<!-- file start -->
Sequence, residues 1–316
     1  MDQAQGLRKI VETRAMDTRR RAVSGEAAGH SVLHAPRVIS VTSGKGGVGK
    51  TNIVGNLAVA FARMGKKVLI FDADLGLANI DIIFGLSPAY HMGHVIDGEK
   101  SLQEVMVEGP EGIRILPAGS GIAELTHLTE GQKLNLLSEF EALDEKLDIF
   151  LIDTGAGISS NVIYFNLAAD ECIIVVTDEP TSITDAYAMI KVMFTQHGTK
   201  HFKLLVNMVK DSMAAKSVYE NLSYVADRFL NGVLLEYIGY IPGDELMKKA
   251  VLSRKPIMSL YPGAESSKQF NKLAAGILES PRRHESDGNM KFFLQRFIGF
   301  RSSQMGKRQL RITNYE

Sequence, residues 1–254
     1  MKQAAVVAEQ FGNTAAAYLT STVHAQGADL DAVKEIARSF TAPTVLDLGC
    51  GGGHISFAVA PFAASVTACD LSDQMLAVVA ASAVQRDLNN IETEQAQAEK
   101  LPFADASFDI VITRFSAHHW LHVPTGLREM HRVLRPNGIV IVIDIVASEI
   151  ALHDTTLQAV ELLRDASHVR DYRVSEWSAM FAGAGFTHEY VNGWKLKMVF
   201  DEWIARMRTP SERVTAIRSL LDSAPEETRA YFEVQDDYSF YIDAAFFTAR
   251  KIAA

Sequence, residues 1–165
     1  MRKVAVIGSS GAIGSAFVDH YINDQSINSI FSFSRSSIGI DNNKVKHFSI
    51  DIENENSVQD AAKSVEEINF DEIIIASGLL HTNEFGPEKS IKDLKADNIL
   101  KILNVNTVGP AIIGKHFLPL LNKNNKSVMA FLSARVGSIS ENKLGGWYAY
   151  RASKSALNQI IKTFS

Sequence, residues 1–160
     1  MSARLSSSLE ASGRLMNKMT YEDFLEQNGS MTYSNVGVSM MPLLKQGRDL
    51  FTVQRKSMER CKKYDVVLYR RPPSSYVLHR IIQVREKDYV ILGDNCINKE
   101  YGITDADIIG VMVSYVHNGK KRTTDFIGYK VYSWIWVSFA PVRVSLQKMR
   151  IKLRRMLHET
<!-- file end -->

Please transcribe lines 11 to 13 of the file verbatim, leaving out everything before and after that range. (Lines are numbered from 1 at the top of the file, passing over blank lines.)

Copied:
    51  GGGHISFAVA PFAASVTACD LSDQMLAVVA ASAVQRDLNN IETEQAQAEK
   101  LPFADASFDI VITRFSAHHW LHVPTGLREM HRVLRPNGIV IVIDIVASEI
   151  ALHDTTLQAV ELLRDASHVR DYRVSEWSAM FAGAGFTHEY VNGWKLKMVF